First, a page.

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The 2020 U.S. Census is about money and power.

It’s been a long road — and there’s a long way to go — but the wheels are still turning and that’s good news indeed.

Alaska wouldn’t be Alaska without wild salmon.

Ketchikan has seen no election season more important than the one at hand.

No one wants to see life and the economy return to normal more than the hardworking Alaskans who are the life-blood of our great state. I include myself in that category. Every day, my team looks at the data to make informed decisions on what we need to do to get Alaskans back to work withou…

In 2019, tourism was the second-largest private sector employer in Alaska. The landscape in 2020 is devastatingly different for tourism operators, large and small, because of COVID-19.

The University of Alaska Board of Regents made the right decision Wednesday in voting unanimously not to proceed with drafting a conceptual plan for merging the University of Alaska Southeast and University of Alaska Fairbanks.

It’s an election year, which means some legislative candidates are pledging the unaffordable. It’s comforting to know that even as most everything else in life is unsettled by the pandemic, campaign rhetoric can be just as misleading as usual.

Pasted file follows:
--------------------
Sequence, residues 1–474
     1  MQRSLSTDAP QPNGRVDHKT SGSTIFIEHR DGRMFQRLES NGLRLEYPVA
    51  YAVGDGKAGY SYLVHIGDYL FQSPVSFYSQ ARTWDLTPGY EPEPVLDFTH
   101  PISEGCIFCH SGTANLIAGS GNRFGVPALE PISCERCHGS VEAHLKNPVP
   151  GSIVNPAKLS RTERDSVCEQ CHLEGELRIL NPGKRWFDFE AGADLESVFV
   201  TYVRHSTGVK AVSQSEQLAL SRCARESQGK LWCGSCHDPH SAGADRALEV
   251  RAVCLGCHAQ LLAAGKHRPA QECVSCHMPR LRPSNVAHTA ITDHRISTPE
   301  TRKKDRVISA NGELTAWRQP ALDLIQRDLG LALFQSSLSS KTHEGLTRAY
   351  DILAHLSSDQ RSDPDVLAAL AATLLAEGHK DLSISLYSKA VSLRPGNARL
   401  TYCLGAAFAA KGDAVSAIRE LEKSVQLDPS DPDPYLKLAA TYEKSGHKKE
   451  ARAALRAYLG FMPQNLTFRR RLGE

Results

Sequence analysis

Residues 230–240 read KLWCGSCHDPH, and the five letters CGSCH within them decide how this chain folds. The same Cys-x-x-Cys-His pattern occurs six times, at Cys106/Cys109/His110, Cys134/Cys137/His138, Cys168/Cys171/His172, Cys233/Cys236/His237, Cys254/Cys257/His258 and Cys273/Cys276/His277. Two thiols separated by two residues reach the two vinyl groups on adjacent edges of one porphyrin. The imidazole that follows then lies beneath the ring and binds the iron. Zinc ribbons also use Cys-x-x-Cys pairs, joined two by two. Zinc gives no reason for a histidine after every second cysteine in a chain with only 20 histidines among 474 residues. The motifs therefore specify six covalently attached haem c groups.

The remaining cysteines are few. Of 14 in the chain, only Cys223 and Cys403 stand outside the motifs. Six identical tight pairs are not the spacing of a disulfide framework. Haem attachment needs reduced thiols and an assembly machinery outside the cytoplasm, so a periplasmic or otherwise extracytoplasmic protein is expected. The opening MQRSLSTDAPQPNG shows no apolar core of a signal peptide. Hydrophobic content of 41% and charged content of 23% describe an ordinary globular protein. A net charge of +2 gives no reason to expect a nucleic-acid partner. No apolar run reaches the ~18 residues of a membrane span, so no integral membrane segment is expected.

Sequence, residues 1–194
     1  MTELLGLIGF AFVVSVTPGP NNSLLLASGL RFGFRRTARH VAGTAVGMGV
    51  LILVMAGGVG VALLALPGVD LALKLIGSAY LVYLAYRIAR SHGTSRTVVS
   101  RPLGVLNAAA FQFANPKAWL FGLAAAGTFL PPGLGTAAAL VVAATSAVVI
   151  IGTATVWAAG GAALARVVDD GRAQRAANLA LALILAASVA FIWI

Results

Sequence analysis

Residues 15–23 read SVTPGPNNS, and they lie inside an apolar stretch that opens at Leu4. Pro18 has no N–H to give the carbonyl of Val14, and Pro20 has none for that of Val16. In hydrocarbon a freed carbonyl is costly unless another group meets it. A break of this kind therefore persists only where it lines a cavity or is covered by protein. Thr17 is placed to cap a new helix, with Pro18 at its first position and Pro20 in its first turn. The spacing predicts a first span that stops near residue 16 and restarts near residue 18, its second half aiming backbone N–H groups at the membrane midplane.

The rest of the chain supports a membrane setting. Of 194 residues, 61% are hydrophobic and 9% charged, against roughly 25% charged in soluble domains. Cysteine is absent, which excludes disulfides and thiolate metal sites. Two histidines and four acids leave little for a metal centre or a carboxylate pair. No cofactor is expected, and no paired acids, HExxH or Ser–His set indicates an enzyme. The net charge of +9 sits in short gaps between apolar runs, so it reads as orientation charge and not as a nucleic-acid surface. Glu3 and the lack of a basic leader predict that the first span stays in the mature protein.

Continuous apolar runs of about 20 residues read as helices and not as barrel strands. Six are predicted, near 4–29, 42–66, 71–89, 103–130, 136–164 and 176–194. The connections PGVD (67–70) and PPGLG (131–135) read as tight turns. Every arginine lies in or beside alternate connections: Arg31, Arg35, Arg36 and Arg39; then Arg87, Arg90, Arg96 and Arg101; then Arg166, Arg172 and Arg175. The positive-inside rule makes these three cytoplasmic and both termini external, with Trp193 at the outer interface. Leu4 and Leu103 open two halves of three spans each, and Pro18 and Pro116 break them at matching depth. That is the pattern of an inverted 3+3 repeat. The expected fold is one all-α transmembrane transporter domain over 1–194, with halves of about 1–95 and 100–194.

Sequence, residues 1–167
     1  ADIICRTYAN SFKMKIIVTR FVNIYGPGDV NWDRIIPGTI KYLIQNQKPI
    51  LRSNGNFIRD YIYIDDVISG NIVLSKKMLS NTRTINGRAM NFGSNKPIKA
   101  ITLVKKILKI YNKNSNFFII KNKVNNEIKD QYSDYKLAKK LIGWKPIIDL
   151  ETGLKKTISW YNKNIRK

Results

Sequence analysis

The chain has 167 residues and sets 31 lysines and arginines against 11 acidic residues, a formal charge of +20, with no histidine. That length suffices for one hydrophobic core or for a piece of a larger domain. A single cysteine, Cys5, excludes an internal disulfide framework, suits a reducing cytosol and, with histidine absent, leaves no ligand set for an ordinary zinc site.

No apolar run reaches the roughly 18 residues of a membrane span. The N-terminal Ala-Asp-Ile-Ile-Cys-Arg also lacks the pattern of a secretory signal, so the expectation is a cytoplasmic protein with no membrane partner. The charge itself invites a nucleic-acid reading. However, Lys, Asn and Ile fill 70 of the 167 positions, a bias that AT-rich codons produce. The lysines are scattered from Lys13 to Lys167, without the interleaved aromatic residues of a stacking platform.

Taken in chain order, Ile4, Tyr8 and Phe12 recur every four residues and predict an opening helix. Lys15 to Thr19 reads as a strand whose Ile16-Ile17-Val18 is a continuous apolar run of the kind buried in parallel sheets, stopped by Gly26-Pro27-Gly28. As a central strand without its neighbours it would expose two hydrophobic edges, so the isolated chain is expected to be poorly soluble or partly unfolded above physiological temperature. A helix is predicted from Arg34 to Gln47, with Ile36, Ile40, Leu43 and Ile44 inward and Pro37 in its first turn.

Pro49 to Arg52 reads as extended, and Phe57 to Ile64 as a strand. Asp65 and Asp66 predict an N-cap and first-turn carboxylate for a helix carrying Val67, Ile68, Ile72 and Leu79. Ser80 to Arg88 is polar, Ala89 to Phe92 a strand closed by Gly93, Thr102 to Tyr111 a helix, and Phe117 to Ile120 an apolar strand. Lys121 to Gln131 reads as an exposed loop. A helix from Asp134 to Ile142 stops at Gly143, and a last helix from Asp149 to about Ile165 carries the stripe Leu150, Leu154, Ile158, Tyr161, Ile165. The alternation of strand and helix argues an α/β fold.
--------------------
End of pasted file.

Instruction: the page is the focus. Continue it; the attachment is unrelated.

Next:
There were high hopes on Saturday when the Wilderness Adventurer sailed from Juneau on the first Alaska cruise ship sailing in 2020.

Many Ketchikan residents have taken road trips in and through Canada, enjoying a quick trip to, say, Smithers, British Columbia, or traveling to and from the Lower 48.

Saturday started the 2020 municipal election filing period. But with City of Ketchikan and Ketchikan Gateway Borough offices closed over the weekend, the opportunity to file as a candidate for local public office begins when the government opens for business today.

This week was all about Ketchikan schools.

In Alaska and most of the United States there is debate about when and how much to “open up” communities affected by COVID-19. Covid infections are surging in most states that have opened up partially and/or completely. Alaska infections also are increasing dramatically since the economy was…

The COVID-19 virus has threatened Alaskan’s health and ravaged our economy. While taking the necessary steps to control the virus, we now also must begin expanding the foundation for a clean and sustainable industry, an industry that will support both immediate and long-term Alaska jobs and …

On Saturday, a small cruise ship is expected to depart Juneau on a seven-night voyage of great interest to everyone with a stake in the future of cruising in Southeast Alaska.

As Alaskans enjoy the later part of an unusual summer, attempting to dipnet for sockeye salmon, strategizing hunting trips for caribou and moose, and simply enjoying everything our beautiful state has to offer, there is something missing as we prepare for fall. Soon, tens of thousands of you…

Ketchikan and many other port communities have a keen interest in when — and how — large cruise ships could resume sailing in U.S. waters.